They also pulled a very risky move: Played 3 brand new songs right in a row. Two of these songs featured band members playing the full drum kit. One song had no banjo part, and even an electric guitar was played, in what was the strongest new song. There were layers of feedback dripping beneath Mumford’s expert finger picking, and it was supplemented nicely by the horns and fiddle, turning into the most Neil Young flavored moment of the set. Of course, they closed with the huge hit “The Cave,” and, to my surprise, and huge amount of folks leaving right after this song. Why was that a surprise? Because of the band closing out the show.

Green Day

It’s not often that a band can play an arena on only a few hours notice. It’s even less often when you can get one of the few stadium-sized bands currently playing to show up so quickly. But, there aren’t very many Green Days out there. So, yes, Green Day aren’t playing this show completely cold. In fact, they’ve been playing secret gigs all over the place since September, including an instore at 1-2-3-4 Go Records in Oakland, and popping out after a Ty Segall show in San Francisco. This show, however, was nothing like those shows. In fact, this show was nothing like any Green Day show since the 90’s.

I knew something special was afoot when the roadies set up the gear. The stage was amazingly bare: Two microphones, two amps, one drum kit. No confetti canons, no keyboards, none of the trappings of the type of show Green Day are doing these days. It was just Mike Dirnt, Tre Cool, and Billie Joe Armstrong. The last time these guys played a show as the core three may have been the Insomniac tour. Armstrong and Dirnt had matching died blonde hair that was spiked as very high as it could go, while Cool was dressed in his usual dapper best: slacks, short sleaved black dress shirt and tie. And, although their look may have changed dramatically over the years, none of them have aged a day since 1993.

And, in addition to the band looking like they had in 1993, they also sounded like the did in 1993. They opened with “Welcome To Paradise,” a track that was originally released on 1992’s Kerplunk. The rest of the set followed suit, with the band pumping out hit after 1990’s pop punk hit. No ballads. No mini rock operas. Just pure, simple, 2 1/2 minute long rock songs.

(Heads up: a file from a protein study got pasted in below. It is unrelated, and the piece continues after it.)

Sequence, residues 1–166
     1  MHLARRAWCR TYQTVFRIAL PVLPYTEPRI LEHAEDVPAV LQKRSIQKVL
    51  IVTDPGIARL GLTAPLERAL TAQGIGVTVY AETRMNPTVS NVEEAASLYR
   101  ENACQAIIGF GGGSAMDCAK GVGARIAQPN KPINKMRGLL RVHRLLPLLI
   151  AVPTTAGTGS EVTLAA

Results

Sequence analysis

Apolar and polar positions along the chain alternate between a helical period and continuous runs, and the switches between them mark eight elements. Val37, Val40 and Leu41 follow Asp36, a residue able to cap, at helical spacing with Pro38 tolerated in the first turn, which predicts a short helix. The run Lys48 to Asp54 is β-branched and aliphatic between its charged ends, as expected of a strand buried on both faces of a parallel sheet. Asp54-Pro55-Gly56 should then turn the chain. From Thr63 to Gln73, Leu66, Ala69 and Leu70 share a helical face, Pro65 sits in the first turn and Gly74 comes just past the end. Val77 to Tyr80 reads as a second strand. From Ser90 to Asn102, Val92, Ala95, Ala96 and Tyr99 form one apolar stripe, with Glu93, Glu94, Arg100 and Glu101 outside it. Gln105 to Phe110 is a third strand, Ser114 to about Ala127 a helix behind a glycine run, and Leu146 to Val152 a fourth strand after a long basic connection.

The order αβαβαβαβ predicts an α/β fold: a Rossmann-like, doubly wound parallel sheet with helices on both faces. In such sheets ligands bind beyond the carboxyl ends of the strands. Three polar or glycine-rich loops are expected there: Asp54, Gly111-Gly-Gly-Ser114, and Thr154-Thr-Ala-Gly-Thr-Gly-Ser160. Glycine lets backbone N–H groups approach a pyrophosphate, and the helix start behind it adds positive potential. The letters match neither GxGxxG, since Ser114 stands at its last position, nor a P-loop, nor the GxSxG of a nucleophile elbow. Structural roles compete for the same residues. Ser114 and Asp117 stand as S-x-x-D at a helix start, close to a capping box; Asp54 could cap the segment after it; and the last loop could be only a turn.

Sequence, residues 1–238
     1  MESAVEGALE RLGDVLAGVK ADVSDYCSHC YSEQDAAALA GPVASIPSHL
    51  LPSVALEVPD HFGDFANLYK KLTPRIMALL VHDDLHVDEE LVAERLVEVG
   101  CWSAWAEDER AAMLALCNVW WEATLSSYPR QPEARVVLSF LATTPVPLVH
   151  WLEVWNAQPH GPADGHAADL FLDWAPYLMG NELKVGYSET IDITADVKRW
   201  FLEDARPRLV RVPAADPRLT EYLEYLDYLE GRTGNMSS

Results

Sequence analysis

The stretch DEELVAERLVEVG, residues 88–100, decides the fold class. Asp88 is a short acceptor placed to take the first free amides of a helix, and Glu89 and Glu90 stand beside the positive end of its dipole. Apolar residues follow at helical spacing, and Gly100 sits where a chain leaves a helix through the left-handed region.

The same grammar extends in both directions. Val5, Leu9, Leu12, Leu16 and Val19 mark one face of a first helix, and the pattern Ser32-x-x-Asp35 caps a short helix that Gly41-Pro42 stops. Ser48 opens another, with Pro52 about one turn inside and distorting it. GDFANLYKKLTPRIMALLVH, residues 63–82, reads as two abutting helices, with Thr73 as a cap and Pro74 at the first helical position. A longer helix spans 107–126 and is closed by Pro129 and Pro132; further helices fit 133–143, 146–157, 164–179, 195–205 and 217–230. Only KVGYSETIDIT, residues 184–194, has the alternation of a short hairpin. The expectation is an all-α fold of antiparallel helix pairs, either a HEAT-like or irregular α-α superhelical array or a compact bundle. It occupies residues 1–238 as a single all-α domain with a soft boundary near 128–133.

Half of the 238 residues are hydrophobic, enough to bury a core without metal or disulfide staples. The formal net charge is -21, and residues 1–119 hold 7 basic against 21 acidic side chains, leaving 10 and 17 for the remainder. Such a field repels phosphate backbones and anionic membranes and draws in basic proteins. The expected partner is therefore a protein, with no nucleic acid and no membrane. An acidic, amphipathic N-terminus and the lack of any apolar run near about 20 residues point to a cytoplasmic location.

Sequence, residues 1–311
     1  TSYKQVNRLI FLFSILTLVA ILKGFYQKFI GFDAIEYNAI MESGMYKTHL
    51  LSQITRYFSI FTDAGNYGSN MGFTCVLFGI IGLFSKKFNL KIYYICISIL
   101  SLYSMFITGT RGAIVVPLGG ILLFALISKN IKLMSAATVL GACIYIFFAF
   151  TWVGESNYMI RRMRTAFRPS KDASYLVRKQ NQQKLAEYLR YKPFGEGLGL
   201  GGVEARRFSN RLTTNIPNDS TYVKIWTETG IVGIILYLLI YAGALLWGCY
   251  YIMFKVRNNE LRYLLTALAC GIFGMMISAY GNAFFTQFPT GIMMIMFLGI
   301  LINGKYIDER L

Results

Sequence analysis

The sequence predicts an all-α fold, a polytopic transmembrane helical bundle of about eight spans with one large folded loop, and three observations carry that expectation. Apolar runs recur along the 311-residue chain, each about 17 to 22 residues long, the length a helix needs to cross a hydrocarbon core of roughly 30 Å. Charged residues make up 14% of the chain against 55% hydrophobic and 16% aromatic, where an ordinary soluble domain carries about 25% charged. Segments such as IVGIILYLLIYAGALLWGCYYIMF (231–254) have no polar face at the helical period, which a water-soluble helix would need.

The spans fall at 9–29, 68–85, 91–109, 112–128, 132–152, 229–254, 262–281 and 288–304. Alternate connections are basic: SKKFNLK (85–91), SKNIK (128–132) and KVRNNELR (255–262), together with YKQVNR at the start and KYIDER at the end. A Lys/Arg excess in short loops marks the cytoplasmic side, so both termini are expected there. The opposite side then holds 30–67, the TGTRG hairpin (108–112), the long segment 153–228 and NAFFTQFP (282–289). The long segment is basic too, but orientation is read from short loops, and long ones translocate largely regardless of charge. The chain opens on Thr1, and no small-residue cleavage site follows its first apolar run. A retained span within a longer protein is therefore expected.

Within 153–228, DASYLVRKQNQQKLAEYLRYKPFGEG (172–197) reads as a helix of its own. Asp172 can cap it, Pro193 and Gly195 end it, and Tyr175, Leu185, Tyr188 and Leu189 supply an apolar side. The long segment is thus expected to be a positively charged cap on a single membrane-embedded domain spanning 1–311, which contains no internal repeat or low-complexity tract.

Billie Joe Armstrong explained how they ended up agreeing to this set in typical Green Day fashion. He said, “So we got this call from Live 105. They said that Jane’s Addiction had to cancel due to a family situation. It looks like they called the first band they could think of that lived 10 minutes away, and here we are.” They then pulled out an vamped out version on “Hitchin’ A Ride” that stretched itself out for about 5 minutes. Armstrong called out Florence Welch from Florence + The Machine to come on stage for a hug, who was intense and dignified during her band’s set, but was ecstatic as a Bieber fan when she got called out by Armstrong, and looked like she was about to both melt and cry tears of joy during the embrace.

The crowd, which was, sadly, only about 2/3 full during this set, was supercharged with energy. There were no less then 5 different pits going at once, while not a single person was seated in the bleachers during the band’s set. They kept the whole show old school, with the only modern day Green Day track being the set closing “American Idiot,” which could have easily fit on any of their classic records.

As per the usual, Green Day triumphed at this hometown gig. They proved that they still have the ability to be a snotty little punk band, and the fans that switched out their plans and got last minute tickets to this gig were treated to one of the most memorable sets of their lives.


Welcome to Paradise

2000 Light Years Away

Geek Stink Breath

Hitchin’ a Ride

Nice Guys Finish Last


Metal Jam:
Iron Man
Rock & Roll
Highway To Hell

Brain Stew



Basket Case


When I Come Around

American Idiot


All photos by the great Paige Parsons. She is a genius.